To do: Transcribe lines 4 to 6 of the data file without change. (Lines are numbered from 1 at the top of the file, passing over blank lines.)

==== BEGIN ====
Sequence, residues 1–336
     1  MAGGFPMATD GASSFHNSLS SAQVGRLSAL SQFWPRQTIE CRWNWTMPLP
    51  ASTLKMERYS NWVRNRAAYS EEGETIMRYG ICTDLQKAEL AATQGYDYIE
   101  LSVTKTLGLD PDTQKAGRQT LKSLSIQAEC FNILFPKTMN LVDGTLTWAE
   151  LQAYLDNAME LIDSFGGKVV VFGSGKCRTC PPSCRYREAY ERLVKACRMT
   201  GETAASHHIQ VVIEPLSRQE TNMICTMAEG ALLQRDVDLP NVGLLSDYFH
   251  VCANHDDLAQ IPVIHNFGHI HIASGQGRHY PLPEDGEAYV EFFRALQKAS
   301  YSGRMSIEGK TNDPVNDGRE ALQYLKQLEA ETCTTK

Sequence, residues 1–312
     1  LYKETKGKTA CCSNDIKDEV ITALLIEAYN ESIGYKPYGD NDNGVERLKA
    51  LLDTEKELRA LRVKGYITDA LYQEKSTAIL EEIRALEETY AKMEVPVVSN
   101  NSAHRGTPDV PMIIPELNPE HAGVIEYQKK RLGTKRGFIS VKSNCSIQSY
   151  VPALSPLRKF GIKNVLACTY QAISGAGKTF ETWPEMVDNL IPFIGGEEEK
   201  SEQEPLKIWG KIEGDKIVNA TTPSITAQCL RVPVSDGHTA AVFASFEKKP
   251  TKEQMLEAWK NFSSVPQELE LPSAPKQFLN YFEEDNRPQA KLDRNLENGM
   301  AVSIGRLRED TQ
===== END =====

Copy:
   101  LSVTKTLGLD PDTQKAGRQT LKSLSIQAEC FNILFPKTMN LVDGTLTWAE
   151  LQAYLDNAME LIDSFGGKVV VFGSGKCRTC PPSCRYREAY ERLVKACRMT
   201  GETAASHHIQ VVIEPLSRQE TNMICTMAEG ALLQRDVDLP NVGLLSDYFH